The Arkansas Department of Health (ADH), the Arkansas Department of Education (ADE) and local school districts statewide are again offering the seasonal flu vaccine to school children in grades K-12.
School clinics will be going on for the next several months. (Full schedule list attached below).
The ADH says the seasonal flu vaccine is not required for children to attend school, but it is highly recommended.
The Centers for Disease Control and Prevention (CDC) and the American Academy of Pediatricians (AAP) recommend everyone aged 6 months and older receive a seasonal flu vaccine every year. Seasonal flu causes children to miss school and their parents to miss work. If you have insurance, the ADH will ask your insurance company to pay for the cost of giving the vaccine. If you do not have insurance or your insurance company does not pay, the shot will be no charge to you.
Both the nasal mist form and the injectable form of the flu vaccine will be available to children at school clinics this year. The injectable form of vaccine will be given to children who are unable to take the mist form. Children who are unable to take the mist form are those: less than two years of age; who have asthma; who have an underlying health condition or other conditions that prevent them from having the nasal form.
School children will be bringing home a consent form with the date that the vaccine will be given and a fact sheet about the seasonal flu vaccine. If parents want their children to receive the vaccine, they must sign and return the form. Children will not be able to receive the vaccine without signed parental permission.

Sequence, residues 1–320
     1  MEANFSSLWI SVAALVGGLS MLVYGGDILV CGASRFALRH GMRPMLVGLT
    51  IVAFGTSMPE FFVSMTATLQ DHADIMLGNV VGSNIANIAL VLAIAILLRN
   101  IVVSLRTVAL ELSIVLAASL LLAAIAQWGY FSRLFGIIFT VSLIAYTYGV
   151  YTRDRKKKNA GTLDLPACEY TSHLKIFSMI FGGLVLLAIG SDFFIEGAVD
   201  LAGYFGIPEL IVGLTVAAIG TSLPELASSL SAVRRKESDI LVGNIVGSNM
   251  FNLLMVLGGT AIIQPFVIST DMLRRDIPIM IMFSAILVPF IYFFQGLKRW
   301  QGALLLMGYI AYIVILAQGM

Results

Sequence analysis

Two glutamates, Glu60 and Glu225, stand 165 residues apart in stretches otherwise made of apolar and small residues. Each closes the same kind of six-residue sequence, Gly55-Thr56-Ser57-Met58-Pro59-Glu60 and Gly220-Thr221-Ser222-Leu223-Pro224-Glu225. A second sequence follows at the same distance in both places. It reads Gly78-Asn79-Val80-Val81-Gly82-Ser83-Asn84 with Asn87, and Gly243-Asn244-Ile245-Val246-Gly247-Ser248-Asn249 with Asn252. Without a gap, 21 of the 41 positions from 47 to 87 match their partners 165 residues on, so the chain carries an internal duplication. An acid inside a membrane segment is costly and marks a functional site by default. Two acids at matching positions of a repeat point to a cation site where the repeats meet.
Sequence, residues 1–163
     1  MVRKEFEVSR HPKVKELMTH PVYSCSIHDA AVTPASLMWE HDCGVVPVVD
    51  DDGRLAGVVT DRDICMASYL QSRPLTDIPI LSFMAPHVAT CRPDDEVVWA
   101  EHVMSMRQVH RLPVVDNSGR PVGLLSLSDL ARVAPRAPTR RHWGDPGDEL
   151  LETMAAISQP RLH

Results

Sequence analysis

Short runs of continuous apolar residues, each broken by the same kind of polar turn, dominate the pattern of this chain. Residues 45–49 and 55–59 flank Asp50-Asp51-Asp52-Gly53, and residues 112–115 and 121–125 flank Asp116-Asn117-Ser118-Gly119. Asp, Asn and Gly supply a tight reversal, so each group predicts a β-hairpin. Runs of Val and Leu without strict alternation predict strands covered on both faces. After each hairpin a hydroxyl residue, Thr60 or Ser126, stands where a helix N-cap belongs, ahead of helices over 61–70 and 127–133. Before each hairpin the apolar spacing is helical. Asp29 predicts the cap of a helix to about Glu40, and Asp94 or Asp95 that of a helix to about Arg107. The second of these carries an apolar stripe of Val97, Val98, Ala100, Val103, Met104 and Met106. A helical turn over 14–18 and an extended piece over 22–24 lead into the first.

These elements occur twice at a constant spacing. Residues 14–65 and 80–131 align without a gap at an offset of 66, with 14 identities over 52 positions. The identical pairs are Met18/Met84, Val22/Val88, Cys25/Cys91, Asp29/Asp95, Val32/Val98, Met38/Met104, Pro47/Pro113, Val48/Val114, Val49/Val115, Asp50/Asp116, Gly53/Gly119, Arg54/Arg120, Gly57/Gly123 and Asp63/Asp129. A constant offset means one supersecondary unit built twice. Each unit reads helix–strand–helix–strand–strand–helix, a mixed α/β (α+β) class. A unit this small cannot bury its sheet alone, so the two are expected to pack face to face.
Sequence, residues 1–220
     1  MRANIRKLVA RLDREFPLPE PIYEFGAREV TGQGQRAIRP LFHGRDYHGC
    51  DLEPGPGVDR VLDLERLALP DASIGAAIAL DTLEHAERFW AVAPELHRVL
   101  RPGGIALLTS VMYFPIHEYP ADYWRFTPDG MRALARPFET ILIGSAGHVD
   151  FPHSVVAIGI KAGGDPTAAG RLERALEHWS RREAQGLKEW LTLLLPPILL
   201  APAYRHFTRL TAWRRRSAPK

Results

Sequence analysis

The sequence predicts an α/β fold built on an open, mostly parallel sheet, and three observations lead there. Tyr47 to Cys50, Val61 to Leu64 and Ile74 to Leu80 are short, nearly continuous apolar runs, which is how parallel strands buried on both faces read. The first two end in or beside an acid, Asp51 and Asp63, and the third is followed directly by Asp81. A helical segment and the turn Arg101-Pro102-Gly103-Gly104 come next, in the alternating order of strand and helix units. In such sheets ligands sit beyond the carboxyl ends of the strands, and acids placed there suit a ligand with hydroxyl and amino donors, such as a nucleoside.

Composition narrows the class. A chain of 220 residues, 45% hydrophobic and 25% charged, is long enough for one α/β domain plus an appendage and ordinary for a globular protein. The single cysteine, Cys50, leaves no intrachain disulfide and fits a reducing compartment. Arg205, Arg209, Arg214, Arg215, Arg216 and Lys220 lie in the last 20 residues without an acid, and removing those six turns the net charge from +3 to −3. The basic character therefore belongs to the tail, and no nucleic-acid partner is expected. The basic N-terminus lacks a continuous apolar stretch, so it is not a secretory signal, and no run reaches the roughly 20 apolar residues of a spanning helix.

Dr. Paul Halverson, ADH director and state health officer, said, "It has been shown that vaccinating our children is the best way to protect other age groups from the flu, especially the elderly population, which is more vulnerable to the most severe effects of the flu. We are extremely proud of our partnership with Arkansas's schools and are excited about providing this service again."
"Student health and wellness is very important," said Commissioner of Education Dr. Tom Kimbrell. "As flu season approaches, our schools will partner with the Arkansas Department of Health in a team approach to protect students from the flu virus."
Seasonal flu is a sickness that infects the nose, throat and lungs and is caused by the influenza virus. Vaccines are effective protection, and people cannot get the flu from the vaccine. "The flu vaccine triggers your body's immune system to fight off the real flu when it comes around this winter. If you're young and healthy, the flu vaccine should be 70 to 90 percent effective in preventing illness," said Gary Wheeler, M.D., director of the Infectious Disease Branch at ADH.
"It is especially important for pregnant women to get vaccinated now, since infants can't get flu vaccine for the first six months of life," Wheeler said. "Newborns that come into the world during flu season will have some protection from the mother's flu shot this way."
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